Archive for November, 2011

Short Sale vs. Foreclosure?

Many homeowners continue to be confused about whether or not they should sell their home as a short sale or just let it go to foreclosure.  The most challenging trial is when one is faced with the possible loss of their own home.  This, unfortunately, is commonplace in the state of Nevada.  Nevada’s city of Las Vegas has been the leader of distressed homes for sale with Short sales and foreclosures.  Areas affected the most in Nevada are communities like Aliante, Anthem, Mountains Edge and even some high end communities like Canyon Gate and Queensridge.  Summerlin short sales are growing to a level that, like a double edged sword,  is bad for sellers, yet, great for buyers.

Foreclosure expert and short sale attorney, Spencer Judd, has mentioned that most of the time (all depends on clients financial situation) the client should close their short sale before letting it go to foreclosure.  There are a few reasons that support his statement.  First,  a client becomes eligible to finance another home much sooner by having the short sale on their credit vs a foreclosure.  Plus, each bank has what they call “bank overlays” which are greater restrictions to the guidelines set forth from fanniemae, freddiemac or FHA.  Thus, a bank can add conditions to a loan as they see fit to protect the bank even if the guidelines do not call for it.  For example;  FHA may require a minimum of 580 FICO credit score to be eligible.  However, the bank may require and overlay of 640 FICO credit score to be eligible with that bank.

Overall,  typically the best for any distressed homeowner between short sale vs. foreclosure is usually to short sell their home.  Letting it go to foreclosure is the easy way out, but usually has much more serious repercussions.  We always suggest to each homeowner that they get legal counsel from a real estate attorney and tax advise from a tax attorney and/or CPA.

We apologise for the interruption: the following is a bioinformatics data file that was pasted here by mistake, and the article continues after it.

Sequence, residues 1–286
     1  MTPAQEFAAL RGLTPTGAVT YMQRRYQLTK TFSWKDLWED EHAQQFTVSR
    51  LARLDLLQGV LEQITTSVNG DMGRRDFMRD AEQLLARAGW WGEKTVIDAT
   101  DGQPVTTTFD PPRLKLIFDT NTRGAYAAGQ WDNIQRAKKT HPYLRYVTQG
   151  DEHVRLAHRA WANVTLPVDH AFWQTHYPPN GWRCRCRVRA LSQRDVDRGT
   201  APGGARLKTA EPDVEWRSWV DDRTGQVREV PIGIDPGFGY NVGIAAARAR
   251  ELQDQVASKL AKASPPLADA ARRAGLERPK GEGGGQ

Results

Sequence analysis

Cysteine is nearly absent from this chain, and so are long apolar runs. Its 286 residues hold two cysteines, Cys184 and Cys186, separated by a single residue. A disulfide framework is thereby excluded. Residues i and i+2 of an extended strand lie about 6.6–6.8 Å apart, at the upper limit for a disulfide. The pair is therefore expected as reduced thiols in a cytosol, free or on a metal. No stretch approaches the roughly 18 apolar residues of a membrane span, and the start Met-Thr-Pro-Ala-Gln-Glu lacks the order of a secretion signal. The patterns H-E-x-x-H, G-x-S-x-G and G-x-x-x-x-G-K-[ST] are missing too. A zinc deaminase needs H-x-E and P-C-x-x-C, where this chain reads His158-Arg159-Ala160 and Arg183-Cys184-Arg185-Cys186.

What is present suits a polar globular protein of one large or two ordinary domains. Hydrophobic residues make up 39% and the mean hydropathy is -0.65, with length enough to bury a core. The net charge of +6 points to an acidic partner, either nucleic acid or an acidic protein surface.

Friday, November 4th, 2011 Latest News No Comments

Differences between a Banker, Mortgage Broker or Mortgage Banker?? Posted on November 2, 2011 03:23 PM by Doug Yates When I was a youngster and knew everything imaginable about mankind, I became bewildered when my friend introduced me to a “Mortgage Broker.” I was intrigued with his title and confused at the same time when he explained that he was a loan officer and helped people secure a home loan for them in order to purchase a home. I had thought that if one wanted a loan for a home, you get it from the bank. Well, it was then that I had my eyes opened to a whole new world of employment opportunity and consumer selection. What is a Mortgage Banker? Mortgage Broker? Banker? Loan officers that work for a bank (i.e., Bank of America, Wells Fargo, Citi or Chase) typically have access to only the banks loan programs. They are restricted to what that bank offers and will not offer any other financing that does not fit into their “box” of loan programs. They control every step of the process from origination of the loan to processing, to underwriting for final loan approval, to funding the loan for final closing. A Mortgage Broker is a loan officer that works for a company that has very little control over the complete process of obtaining a loan. He is a middle man, someone who finds an invester/ bank to approve the loan, then fund the loan with another banks money. Brokers have the ability to shop several different banks and lenders for different loan programs and possibly more lenient guidelines in underwriting, but have no control over underwriting or funding of the loan. A Mortgage Banker tends to have the best of both worlds. He typically has lines of credit from the top banks which allow him to keep control over underwriting and funding of the loan. With access to the top banks, it opens up all the banks loan programs from each bank, thus offering the consumer many more loan programs to choose from. Not only does a mortgage banker control his clients file from inception all the way through to closing, he also has the ability to broker the loan to another bank for approval if needed. Therefore, he has access to all programs from bankers to brokers. The last eighteen years I experienced working as all three in one capacity or another thoughout my career. I can honestly state that the control and flexibility of a Mortgage Banker is by far the most efficient and effective when choosing a loan officer. I’ve always said, when purchasing the largest investment of your life, your home, you may as well choose the Mortgage Banker so you can “have your cake and eat it too!” 0 comments | Post a Comment Post URL: http://exitlvrc.com/Web/AR419786/Blog/post/?post_id=13734 Tags: Banker, mortgage broker, mortgage banker